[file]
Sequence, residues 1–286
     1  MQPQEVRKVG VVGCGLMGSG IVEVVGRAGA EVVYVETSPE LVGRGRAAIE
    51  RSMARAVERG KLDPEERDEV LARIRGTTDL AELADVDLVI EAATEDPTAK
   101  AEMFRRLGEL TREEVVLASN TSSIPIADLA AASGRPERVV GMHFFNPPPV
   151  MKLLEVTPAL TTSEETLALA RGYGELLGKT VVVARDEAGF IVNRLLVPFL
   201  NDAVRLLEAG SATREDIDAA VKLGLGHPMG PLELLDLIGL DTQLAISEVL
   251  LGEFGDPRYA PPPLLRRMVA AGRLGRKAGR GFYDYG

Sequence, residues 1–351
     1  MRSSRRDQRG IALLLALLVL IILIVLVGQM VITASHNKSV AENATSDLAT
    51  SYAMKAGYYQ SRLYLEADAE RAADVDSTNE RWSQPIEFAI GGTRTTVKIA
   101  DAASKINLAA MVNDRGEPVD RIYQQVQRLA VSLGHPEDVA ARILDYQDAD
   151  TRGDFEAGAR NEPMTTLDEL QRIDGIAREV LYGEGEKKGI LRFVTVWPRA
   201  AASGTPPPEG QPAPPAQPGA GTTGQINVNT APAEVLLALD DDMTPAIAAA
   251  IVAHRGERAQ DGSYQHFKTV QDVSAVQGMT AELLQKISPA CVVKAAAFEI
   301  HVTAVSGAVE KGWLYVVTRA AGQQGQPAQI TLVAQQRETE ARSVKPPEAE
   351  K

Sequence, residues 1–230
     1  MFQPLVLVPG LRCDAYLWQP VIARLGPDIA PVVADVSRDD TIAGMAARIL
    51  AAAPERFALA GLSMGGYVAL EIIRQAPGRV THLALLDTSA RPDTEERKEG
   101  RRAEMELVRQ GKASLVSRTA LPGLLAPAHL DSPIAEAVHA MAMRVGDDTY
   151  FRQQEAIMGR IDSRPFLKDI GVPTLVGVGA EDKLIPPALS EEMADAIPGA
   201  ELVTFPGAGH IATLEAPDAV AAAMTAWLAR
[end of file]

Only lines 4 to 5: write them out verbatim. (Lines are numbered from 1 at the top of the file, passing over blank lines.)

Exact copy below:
   101  AEMFRRLGEL TREEVVLASN TSSIPIADLA AASGRPERVV GMHFFNPPPV
   151  MKLLEVTPAL TTSEETLALA RGYGELLGKT VVVARDEAGF IVNRLLVPFL